Cancer Patients Face Discrimination at Work

by Shirley Johanna on November 7, 2016 at 8:15 PM
Cancer Patients Face Discrimination at Work

About 18 percent of people diagnosed with cancer face discrimination at work, finds a survey by the charity Macmillan.

Thirty-five percent of people with a cancer diagnosis told of negative experiences, including guilt at taking time off for medical appointments and losing faith in their ability to do the job.


The survey of 1,009 patients, all in work when diagnosed, indicated that 15% returned to work before feeling ready and 14% quit or were made redundant as a result of their diagnosis.

More than 20,000 people a year diagnosed with cancer will face discrimination. People of working age with cancer will hit 1.7 million by 2030, according to the report. Liz Egan, of Macmillan Cancer Support, said, "It's appalling that, during an already difficult, often stressful time, so many employers are not offering the right support to people with cancer, leaving little choice but to leave."

The survey found that 85 percent of those diagnosed with cancer felt keeping on working was important. Work helped 60 percent keep a sense of normality, whereas 45 percent worked for the money.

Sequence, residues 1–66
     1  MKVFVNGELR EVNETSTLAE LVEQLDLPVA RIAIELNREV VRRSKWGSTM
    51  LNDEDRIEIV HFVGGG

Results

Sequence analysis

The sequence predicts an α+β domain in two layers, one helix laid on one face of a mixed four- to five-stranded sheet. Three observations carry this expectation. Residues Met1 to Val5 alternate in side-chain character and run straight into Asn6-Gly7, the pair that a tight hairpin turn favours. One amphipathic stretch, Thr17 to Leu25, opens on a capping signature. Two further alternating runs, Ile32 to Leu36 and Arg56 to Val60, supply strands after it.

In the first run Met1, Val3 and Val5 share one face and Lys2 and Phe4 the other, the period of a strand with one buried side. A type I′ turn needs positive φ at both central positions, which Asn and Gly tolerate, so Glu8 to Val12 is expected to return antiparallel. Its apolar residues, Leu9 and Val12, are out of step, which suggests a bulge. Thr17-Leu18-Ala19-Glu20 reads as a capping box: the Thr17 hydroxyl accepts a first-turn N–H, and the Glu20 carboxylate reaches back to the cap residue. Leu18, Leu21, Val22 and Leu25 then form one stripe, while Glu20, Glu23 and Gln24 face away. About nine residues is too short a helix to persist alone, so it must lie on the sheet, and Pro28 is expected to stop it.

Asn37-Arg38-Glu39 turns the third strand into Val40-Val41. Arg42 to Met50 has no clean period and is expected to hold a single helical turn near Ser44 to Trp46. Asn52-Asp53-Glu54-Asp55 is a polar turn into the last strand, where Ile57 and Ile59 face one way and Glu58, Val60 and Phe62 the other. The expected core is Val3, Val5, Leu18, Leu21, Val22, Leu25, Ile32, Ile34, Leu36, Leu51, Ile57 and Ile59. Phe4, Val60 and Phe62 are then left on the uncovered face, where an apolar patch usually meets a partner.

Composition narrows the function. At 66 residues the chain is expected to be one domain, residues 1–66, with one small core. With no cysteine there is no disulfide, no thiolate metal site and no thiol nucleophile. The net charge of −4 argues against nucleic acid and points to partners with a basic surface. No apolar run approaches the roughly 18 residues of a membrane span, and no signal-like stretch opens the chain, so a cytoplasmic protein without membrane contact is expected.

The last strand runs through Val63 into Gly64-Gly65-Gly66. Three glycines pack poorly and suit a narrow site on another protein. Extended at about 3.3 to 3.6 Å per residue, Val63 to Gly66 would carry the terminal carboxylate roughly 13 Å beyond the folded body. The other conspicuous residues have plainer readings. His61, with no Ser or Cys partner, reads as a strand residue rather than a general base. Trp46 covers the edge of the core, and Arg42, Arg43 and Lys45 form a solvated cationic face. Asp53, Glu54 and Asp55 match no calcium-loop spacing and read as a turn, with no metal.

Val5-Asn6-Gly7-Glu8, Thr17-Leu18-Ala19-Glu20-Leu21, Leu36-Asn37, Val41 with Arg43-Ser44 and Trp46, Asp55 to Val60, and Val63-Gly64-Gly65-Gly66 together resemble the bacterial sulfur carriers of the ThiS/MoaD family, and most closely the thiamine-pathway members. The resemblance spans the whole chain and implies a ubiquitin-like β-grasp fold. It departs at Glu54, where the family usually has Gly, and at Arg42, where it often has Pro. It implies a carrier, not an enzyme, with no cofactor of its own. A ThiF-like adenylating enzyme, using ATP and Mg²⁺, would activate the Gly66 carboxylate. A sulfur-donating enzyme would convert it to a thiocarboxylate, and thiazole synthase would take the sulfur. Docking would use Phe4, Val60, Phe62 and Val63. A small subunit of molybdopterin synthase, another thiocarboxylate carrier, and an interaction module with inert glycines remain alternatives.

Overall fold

Source: Medindia
Font : A-A+



Recommended Readings

Latest Cancer News

Blood Test for Early Detection of Pancreatic Cancer
The blood test pinpointed 13 proteins capable of distinguishing between early and late stages of pancreatic cancer.
Nutrients in Beef and Dairy Promote Cancer Immunotherapy
A fatty acid present in dairy products, beef, and lamb called trans-vaccenic acid enhances immune cells' capacity to combat cancers.
Combination Therapy Holds Promise for Brain Tumor in Children
Trametinib plus dabrafenib combined therapy demonstrated a clear therapeutic benefit in children with BRAF-mutated low- and high-grade gliomas.
Urban Environments Fuel Higher Breast Cancer Rates
Examining breast cancer occurrence and stages reveals disparities in urban versus rural rates, influenced by environmental conditions and the stage of the disease.
DNA Repair Pathway Linked to Breast, Ovarian, and Prostate Cancers
Polymerases theta and delta assist in the development of new cancer drugs known as polymerase theta inhibitors, currently undergoing clinical trials.
View All
This site uses cookies to deliver our services.By using our site, you acknowledge that you have read and understand our Cookie Policy, Privacy Policy, and our Terms of Use  Ok, Got it. Close

Cancer Patients Face Discrimination at Work Personalised Printable Document (PDF)

Please complete this form and we'll send you a personalised information that is requested

You may use this for your own reference or forward it to your friends.

Please use the information prudently. If you are not a medical doctor please remember to consult your healthcare provider as this information is not a substitute for professional advice.

Name *

Email Address *

Country *

Areas of Interests